What is a Sick Building and How Do You Know

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People get sick and animal get sick; these are facts that we all know. But do buildings get sick? If you’ve heard the term “sick building” being tossed about, you may be as confused as others. The term doesn’t refer to the building itself, but to the health of the occupants of the building. Employees, residents and visitors all being made sick by the environment contained within a building or house. Here’s what you need to know:


If you live in a home or work in a building that was constructed between 1920 and 1978, you may be exposed to asbestos. This material was commonly used as an insulation material for over 50 years. Though small amounts of asbestos don’t affect most people, breathing large amounts or being exposed on a daily basis can put you at an increased risk for cancer and lung disease. The Consumer Product Safety Commission can provide more information about your potential risk.

2.Combustion Gases

Carbon monoxide isn’t the only gas that you should be worried about. Nitrogen oxides and sulfur dioxide are also cause for concern. Each of these gases can cause symptoms that mimic the flu. Over-exposure can cause respiratory illness and, in extreme cases, death. Any building that utilizes natural gas as a source of energy should have carbon monoxide detectors in place. Additionally, space heaters and portable air conditioners, used in the home or office, should always be vented.


Many people are sensitive to common cleaners and aren’t aware of it. If you feel persistently sick, have difficulty breathing or are suffering with allergy-like symptoms, consider switching out your cleaning supplies. Harmful chemicals from these cleaners can linger in the air long after cleaning is done. If you know that you’re sensitive to these chemicals, ask your employer to make the switch to more natural products.


Any building that is damp or has leaking pipes is susceptible to mold. People with asthma and allergies are particularly sensitive to mold spores floating in the air. The EPA cautions that homes and buildings should be inspected for mold, particularly if leaks have been discovered. Look closely in dark corners, as mold thrives in damp, dimly lit recesses in buildings, no matter the date of construction.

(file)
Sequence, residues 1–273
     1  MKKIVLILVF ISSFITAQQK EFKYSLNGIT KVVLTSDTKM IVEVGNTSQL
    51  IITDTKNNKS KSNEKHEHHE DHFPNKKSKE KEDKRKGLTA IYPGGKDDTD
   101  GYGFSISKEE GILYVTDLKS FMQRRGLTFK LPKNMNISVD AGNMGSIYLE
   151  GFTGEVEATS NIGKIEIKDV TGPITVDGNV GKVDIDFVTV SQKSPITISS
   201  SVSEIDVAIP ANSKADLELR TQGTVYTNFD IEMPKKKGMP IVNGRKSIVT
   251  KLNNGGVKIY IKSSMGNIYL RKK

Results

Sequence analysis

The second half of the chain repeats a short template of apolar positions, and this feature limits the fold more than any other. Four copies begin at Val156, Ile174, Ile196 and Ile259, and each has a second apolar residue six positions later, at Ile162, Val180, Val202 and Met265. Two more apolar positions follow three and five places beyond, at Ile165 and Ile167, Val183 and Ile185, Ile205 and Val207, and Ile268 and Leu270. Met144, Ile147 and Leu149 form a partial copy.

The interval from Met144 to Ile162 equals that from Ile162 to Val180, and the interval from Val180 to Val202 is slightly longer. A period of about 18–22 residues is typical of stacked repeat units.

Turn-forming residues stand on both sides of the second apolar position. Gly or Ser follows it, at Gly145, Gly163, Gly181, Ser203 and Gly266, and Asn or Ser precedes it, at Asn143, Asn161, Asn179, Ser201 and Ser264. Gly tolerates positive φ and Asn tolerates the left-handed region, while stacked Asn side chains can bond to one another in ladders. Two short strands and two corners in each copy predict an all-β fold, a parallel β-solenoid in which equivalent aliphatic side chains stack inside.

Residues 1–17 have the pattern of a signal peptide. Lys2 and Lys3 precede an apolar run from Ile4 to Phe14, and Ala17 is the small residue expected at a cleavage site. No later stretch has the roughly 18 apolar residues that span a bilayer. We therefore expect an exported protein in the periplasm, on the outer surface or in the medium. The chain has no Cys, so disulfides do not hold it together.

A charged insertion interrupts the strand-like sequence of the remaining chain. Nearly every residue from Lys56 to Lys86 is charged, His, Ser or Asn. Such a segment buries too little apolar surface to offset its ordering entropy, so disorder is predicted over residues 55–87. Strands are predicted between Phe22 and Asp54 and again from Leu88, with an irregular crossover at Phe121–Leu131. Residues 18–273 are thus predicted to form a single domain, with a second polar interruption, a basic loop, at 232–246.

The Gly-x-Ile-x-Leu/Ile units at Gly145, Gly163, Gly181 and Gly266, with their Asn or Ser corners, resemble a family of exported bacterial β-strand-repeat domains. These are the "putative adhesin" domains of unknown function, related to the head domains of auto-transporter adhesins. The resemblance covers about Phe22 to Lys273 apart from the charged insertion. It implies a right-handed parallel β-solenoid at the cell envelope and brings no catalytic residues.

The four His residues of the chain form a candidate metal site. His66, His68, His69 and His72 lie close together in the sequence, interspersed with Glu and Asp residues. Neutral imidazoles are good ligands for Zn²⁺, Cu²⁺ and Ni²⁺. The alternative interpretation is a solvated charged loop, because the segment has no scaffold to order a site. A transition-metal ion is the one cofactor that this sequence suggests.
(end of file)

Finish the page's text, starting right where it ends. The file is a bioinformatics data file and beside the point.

It’s not often insects themselves that cause a building to be sick, but the pesticides used to kill those insects. To keep insects away from your home, cut away any landscaping that is closer than 18 inches to the siding and store firewood away from the exterior of the structure. Keep food in tight containers and clean up any spills immediately to deter insects from setting up camp in kitchens and cafeterias.

Could your workplace or home be making you sick? It’s a very real possibility. If you’ve got an illness that you can’t seem to shake, you may want to have your home inspected or speak to your employers about having your work place inspected. Your building could be the source of your illness.

1 thought on “What is a Sick Building and How Do You Know”

  1. My experience is that the biggest issue with sick buildings is VOC’s that continously off gas. The most common in my experience is formaldehyde. Formaldehyde exposure has increase in recent decades as we use more manfacutred products and we seal building more tightly to conserve energy. During the first energy crisis in the early 1970’s, we sealed commercial building. We quickly realized we over did it and code requires commercial building to have one air exchange every hour. We didn’t learn from our mistakes and we sealed homes up so well it was taking 10 to 20 hours to have just one air exchange. Only very recently did we update residential building codes to require one air exchange every 3-hours. But homes have more sources of pollution than an office building so we should require more air exchanges not fewer. Formaldehye keeps on giving. I live in a home built in 1963. The original partical board resulted in room concentrations of formaldehyde of 115 parts ber billion(ppb). California recommends a home not exceed 7 ppb. This was whne the material was 46 years old. The prior occupants had health issues that are consistant with exposure to formaldehyde exposure. My own health improved after the removal of this partical board. The formaldehyde concentration is so low, I am no longer able to even detect it. This doesn’t mean that the formaldehyde is zero but it does mean it is likely 10 ppb or less. I have made many families healthier just by identifying the sources of formaldehyde in their home and removing them. In one case it was a bookcase made by a grandfather. It was simply moved from next to the son’s bed to the living room. The mom reported the son is off all his asthma meds for the first time since the bookcase was placed next to his bed. It is difficult to make the connection because it takes time typically a couple months to a couple of years to experience the negative health impacts depending on the concentration of formaldehyde the duration of the exposure and the frequency of the exposure. I would be happy to share more info if you would like to educate your readers on residential indoor air quality issues. In the meantime the best thing people can do is open their windows daily. Residential indoor ari is always going to be more unhealthy than outside air, unless there is a toxic spill outside your window.


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